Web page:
Traveling Dog Lady: Adopting a pet is a lifetime commitment

Friday, February 21, 2014

Adopting a pet is a lifetime commitment

I wrote this for this month's DoggyWoof blog, but I'm unable to get a-hold of anyone over there, and I noticed my article from last month was the most recent one they published (there are several people who blog for them) so I don't know what's going on with the DoggyWoof blog.  This was supposed to go live on Feb 11th.  So I'm just going to post it here on my own blog instead.

Shelters, rescues and the internet are overwhelmed lately with animals who were abandoned or surrendered by their owners.
Dogs are generally given up on at two points in their lives by their human adopters:  during puppyhood from ages 18 months to three years; and during their senior years.
Raising a puppy is hard.  Caring for a senior dog is hard. In the end, the reward for each definitely outweighs the difficulties.
When considering dog adoption, remember that it's a commitment for the lifetime of that pet.  If you adopt, you agree to take care of the dog for the rest of its life.  This is not a temporary assignment.  If you envision yourself going through life changes that will cause you to "get rid of" the dog at some point, then owning a dog is not for you.  It's that simple.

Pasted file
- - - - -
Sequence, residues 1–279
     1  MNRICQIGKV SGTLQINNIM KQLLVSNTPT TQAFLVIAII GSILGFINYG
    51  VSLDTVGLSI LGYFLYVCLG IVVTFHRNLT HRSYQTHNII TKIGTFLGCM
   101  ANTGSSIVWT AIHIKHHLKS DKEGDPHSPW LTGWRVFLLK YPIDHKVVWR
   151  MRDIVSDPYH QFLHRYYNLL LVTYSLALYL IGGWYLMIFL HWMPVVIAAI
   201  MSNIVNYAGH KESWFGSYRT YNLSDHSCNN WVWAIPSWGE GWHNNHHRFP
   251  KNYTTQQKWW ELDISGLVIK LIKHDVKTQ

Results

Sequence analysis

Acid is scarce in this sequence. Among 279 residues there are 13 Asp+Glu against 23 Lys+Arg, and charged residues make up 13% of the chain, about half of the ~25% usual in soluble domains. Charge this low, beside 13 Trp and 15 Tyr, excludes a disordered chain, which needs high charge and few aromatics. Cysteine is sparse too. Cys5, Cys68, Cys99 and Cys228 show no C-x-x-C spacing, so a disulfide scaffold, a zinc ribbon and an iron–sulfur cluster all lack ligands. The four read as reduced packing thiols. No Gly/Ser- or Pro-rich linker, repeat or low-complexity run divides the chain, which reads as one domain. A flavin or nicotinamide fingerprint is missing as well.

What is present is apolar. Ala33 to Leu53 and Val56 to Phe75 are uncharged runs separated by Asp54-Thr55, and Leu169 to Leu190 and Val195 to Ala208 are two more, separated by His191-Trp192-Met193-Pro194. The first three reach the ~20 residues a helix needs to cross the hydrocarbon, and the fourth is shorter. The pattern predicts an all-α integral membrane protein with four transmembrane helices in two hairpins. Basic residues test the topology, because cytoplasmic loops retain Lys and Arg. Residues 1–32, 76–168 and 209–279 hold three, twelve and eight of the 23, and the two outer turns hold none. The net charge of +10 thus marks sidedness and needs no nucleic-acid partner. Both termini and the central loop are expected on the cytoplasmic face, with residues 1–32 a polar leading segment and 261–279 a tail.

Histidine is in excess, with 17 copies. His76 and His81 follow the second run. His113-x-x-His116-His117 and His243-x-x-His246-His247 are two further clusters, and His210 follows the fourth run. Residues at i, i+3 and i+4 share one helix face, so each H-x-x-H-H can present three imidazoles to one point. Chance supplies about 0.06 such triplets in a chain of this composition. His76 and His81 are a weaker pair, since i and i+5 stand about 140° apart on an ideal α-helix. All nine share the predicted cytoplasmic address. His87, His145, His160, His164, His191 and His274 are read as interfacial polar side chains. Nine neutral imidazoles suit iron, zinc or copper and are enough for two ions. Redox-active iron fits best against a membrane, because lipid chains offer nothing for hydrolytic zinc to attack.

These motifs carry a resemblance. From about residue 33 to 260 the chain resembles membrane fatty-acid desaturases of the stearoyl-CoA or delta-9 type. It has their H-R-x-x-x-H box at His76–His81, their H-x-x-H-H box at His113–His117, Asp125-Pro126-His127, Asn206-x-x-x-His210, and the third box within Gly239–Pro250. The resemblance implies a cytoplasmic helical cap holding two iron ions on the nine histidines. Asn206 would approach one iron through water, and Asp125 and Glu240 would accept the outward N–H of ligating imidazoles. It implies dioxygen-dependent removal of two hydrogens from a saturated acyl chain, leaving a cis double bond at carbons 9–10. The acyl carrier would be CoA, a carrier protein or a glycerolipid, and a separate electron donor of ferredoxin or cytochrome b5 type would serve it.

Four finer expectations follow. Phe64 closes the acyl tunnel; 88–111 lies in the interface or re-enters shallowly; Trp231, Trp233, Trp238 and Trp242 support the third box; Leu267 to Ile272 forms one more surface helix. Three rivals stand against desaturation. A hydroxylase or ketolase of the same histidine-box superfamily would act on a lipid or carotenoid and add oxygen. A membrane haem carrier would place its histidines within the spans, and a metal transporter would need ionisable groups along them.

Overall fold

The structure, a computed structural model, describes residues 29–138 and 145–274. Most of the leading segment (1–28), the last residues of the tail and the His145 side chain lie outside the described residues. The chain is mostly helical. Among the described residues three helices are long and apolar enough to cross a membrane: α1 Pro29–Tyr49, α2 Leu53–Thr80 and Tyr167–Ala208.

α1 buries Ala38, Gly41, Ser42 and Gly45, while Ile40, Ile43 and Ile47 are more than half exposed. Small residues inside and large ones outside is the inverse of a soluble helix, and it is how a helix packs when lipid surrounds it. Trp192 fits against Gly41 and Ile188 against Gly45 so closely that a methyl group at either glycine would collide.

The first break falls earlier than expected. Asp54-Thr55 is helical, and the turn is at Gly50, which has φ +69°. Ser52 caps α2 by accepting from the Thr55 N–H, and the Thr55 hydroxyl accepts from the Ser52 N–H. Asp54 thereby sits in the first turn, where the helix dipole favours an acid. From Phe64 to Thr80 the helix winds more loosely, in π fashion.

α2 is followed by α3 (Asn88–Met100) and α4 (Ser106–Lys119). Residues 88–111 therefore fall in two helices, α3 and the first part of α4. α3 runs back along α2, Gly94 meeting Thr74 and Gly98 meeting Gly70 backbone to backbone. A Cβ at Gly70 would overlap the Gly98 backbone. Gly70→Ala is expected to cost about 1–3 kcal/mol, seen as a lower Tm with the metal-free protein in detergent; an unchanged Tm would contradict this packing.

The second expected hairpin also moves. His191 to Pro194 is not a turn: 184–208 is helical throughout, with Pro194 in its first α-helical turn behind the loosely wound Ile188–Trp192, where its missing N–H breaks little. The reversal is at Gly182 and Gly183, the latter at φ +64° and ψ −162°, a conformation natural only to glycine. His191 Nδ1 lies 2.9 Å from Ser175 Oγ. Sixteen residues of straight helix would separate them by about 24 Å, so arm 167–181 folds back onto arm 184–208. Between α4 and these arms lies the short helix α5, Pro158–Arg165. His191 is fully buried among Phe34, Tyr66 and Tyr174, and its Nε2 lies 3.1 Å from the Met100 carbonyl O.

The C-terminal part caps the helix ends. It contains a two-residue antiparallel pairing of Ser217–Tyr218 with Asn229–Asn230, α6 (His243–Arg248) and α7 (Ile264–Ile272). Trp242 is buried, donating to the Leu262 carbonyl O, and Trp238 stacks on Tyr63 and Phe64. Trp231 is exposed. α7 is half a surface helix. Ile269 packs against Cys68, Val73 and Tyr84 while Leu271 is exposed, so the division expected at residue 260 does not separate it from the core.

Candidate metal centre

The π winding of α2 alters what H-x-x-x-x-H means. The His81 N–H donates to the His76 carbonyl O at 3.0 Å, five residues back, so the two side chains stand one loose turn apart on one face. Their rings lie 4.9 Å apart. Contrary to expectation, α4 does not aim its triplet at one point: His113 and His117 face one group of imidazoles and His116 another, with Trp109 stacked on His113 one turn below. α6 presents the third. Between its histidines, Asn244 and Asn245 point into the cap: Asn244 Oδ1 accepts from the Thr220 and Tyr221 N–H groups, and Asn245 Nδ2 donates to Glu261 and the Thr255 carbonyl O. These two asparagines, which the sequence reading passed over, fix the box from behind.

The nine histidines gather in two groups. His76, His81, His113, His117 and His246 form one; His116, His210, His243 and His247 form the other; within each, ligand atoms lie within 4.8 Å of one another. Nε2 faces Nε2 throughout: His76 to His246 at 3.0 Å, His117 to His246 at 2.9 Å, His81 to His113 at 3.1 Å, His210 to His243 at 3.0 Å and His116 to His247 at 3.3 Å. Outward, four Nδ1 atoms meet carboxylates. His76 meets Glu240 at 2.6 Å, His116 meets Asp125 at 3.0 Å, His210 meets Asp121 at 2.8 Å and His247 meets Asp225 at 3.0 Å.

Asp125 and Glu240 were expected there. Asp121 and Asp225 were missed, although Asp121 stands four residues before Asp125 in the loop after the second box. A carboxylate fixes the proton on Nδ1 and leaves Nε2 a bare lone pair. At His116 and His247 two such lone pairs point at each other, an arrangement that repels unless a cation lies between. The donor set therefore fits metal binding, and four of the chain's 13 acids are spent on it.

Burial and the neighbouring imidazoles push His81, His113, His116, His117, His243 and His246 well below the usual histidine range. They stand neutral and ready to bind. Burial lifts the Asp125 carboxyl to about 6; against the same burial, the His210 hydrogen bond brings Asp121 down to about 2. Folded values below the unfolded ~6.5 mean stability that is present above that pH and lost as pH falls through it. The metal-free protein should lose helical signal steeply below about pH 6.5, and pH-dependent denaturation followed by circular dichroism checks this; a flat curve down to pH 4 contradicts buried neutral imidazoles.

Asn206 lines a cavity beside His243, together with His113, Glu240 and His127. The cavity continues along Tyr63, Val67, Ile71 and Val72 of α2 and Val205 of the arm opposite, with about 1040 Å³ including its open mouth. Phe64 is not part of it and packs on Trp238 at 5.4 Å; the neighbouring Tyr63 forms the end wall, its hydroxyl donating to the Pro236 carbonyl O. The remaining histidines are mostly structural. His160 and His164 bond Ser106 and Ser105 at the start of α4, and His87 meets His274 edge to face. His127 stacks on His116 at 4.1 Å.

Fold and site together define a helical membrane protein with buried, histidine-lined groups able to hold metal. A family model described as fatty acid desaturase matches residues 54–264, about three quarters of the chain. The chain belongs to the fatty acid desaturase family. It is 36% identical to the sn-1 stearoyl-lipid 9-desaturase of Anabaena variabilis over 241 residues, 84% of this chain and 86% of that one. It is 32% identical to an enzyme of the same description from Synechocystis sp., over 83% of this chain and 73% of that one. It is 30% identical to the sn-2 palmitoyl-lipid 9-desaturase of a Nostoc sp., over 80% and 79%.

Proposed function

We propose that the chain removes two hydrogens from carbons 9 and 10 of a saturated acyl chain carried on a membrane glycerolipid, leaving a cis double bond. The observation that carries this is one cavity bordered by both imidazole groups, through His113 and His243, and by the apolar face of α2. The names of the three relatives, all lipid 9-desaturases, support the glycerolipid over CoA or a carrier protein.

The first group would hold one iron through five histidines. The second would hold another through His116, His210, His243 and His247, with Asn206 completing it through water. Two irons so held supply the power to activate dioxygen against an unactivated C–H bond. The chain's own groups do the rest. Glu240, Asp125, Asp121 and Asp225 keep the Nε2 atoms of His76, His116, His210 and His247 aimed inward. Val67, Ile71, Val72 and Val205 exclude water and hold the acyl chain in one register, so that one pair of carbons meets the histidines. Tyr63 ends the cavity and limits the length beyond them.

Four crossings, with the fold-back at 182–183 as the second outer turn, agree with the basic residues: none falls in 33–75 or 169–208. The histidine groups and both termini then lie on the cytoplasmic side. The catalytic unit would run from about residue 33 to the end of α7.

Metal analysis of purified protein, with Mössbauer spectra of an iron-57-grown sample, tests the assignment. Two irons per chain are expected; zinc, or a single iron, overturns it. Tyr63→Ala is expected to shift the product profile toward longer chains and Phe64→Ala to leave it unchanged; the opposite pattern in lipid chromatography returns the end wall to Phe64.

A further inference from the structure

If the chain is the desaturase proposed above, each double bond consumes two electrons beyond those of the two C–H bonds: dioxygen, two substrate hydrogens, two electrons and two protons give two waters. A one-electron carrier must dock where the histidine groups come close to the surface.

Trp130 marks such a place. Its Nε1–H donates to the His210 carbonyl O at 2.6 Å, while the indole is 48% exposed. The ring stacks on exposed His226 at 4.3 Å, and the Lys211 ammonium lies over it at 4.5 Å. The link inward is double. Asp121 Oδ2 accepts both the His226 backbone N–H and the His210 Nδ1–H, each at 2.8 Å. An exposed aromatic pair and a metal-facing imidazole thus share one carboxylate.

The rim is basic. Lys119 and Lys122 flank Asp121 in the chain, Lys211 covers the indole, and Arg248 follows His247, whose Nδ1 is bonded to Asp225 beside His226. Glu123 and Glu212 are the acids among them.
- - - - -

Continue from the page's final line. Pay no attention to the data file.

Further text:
The majority of dogs in shelters right now are young males between the ages of 18 months and three years -- the very time when they should be being socialized and trained.
But senior dogs may have it the hardest. Given up on when they are old, infirm and set in their ways, it can be extremely confusing for an elderly dog to suddenly be without its family and familiar, loving home.
Be prepared for the hard work, the expense, the huge challenges of dog parenting; and then be prepared for something else: the reward of unconditional love and experience that comes from sharing your life with a canine companion.
Don't be "that guy"!  Adopt a pet for life.  If you can't make that commitment, consider volunteering, fostering, or dog-sitting as an alternative.  That way you get the joys of canine companionship, without the huge commitment.

Raising a puppy is hard. Caring for a senior dog is hard. In the end, the reward for each definitely outweighs the difficulties. 


  1. I wrote this for "DoggyWoof" which is a dog-only blog. But this same message applies to cats as well! Thank you :)

  2. The same applies to cats as well. Remember that they live appromixately twice as long as a dog, so generally you can expect to commit up to 20 years or more. Fostering a cat or a dog is a great way to help a shelter for many reasons. They tend to be overcrowded, so if you help care for a sick animal or one that may need extra social skills, everyone can benefit.


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